Présentations Colloques

Oral Presentation
Session 8.10: Recent developments in groundwater modeling and mathematical tools in Hydrogeology
Aus Der Beek Martina
Longterm Saltwater injection into a confined aquifer- A density-coupled mass-transport model taken to the max?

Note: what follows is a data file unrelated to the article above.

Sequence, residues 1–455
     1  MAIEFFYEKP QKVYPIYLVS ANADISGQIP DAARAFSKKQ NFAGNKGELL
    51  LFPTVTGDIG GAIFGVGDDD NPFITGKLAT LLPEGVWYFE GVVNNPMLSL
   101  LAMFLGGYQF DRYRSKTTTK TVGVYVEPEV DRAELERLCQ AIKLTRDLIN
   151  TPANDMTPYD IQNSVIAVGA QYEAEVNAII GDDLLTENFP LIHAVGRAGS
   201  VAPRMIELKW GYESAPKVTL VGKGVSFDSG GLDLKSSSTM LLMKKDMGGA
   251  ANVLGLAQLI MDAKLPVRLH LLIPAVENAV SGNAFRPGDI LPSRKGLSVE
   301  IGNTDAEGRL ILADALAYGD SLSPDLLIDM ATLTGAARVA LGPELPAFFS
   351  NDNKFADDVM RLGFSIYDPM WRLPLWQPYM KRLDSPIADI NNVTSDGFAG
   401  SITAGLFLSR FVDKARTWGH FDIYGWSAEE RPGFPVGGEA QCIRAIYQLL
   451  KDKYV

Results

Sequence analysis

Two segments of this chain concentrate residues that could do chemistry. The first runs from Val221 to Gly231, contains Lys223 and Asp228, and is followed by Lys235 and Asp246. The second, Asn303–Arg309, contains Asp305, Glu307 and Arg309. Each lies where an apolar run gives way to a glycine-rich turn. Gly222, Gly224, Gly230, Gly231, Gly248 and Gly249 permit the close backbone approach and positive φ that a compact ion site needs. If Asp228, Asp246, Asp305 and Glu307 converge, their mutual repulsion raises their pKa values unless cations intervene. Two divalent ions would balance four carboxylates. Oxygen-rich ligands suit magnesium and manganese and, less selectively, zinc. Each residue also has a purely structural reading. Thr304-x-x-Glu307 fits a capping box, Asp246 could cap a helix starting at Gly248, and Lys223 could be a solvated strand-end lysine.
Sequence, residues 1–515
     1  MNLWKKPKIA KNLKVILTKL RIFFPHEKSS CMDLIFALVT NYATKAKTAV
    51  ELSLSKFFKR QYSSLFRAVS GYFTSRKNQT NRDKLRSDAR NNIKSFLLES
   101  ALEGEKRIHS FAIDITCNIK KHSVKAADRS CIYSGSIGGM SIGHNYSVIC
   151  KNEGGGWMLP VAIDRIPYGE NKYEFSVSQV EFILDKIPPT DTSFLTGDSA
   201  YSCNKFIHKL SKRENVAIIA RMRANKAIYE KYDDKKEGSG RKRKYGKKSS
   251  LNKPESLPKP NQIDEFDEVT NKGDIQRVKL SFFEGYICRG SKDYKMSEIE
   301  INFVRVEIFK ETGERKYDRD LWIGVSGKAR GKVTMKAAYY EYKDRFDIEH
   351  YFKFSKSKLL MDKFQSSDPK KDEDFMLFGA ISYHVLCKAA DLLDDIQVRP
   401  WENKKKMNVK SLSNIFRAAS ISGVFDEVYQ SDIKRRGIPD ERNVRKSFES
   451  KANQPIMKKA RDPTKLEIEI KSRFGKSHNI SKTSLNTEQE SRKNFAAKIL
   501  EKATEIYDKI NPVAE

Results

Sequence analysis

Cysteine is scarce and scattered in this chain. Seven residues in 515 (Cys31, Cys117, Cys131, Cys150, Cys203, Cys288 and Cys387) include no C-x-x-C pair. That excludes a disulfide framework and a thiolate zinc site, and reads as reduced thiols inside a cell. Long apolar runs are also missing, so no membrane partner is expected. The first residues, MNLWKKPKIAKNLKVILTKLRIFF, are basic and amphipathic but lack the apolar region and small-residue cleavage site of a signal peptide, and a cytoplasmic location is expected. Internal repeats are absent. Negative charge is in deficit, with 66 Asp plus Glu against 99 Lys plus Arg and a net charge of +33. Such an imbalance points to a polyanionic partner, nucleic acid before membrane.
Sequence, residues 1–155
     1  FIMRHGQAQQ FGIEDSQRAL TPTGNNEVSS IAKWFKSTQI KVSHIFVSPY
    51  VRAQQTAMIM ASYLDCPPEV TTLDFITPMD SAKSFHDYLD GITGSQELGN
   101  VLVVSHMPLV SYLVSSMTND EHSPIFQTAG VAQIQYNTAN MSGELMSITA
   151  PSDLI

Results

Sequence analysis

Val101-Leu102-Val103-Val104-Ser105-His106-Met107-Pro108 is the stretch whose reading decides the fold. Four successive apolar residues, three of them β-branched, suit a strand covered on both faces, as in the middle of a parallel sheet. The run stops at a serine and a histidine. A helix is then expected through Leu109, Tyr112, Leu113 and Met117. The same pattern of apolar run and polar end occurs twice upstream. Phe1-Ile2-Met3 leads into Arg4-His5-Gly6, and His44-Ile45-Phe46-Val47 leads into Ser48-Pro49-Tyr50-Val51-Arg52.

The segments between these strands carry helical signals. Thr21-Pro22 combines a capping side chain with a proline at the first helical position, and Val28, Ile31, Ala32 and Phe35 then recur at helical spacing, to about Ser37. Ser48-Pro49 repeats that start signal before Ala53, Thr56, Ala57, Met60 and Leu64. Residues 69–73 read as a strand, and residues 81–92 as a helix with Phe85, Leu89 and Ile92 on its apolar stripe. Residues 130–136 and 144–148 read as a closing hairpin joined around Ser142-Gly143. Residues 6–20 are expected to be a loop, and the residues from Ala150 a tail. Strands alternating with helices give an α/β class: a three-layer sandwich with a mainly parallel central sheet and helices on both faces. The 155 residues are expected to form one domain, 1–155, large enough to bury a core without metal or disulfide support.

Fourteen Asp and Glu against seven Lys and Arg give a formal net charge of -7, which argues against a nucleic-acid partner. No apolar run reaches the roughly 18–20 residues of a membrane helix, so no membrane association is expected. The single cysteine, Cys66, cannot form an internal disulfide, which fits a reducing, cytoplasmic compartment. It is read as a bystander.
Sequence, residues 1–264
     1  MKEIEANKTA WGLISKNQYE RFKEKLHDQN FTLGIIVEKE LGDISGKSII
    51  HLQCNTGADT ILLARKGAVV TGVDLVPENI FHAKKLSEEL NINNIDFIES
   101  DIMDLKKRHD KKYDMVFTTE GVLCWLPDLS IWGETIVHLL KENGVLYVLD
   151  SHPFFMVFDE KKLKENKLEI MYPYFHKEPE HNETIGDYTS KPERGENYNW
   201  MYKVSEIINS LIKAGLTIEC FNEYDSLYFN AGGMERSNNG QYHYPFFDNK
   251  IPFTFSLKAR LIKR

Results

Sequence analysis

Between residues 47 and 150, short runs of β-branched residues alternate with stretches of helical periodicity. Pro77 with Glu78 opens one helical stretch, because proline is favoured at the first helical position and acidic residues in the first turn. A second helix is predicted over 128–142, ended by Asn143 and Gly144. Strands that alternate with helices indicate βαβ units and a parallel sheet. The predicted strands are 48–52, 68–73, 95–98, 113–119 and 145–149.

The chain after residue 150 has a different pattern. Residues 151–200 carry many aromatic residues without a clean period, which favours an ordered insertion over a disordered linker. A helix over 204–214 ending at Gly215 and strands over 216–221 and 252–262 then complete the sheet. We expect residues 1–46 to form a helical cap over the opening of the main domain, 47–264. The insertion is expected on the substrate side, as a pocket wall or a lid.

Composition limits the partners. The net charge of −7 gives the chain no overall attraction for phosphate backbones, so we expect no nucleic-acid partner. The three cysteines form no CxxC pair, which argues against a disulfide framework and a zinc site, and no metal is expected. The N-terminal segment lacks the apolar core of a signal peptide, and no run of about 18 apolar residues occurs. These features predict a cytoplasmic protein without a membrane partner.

In the vicinity of a potash mine, highly saline production waters have been injected into a con-fined, deep carbonate rock aquifer for over 90 years. This carbonate rock aquifer is a regional aquifer with naturally occurring, extensive salinity variations of its formation waters. Alternating duration, location, and timing, 62 wells were used to inject highly saline production waters. **The aim of the project was, based on available data and results of geological works and mining investigations, to develop a numerical groundwater model capable of simulating the impact of the injection regime of the past 90 years on regional flow patterns and solute transport under-ground, and identifying possible relations between saltwater injections and non-point saltwater inflows into the nearby river. **The model has thus been taken to its limits with regards to three aspects- 1) simulation of density dependent flow of highly dense waters and strong gradients of salinity+ 2) a simulation length of 90 years for past and current conditions complemented by additional 45 years of scenario simulation time+ and 3) the aquifer itself as well as the large overburden are included in the 3D modelling space to give a holistic picture of the total groundwater flow behaviour in the region for an area of 1220kmC with a maximum depth of 1000m. Modelling was carried out with the three-dimensional density-coupled flow and mass-transport simulation system FEFLOWy.**This contribution will discuss obstacles and challenges involved in the whole modelling process, from model set-up over actual simulation, verification and interpretation of results. Owing to the large 3D modelling space and the long simulation period, the clash of scales of measured field data (point measurements) and expected regional interpretation of flow behaviour became particularly obvious. Specifically in the light of public perception and political decision making, two almost opposing requirements of representing locally anthropogenic and natural impacts and characteristics while interpreting regional flow pattern and density-dependent system behaviour had to be overcome.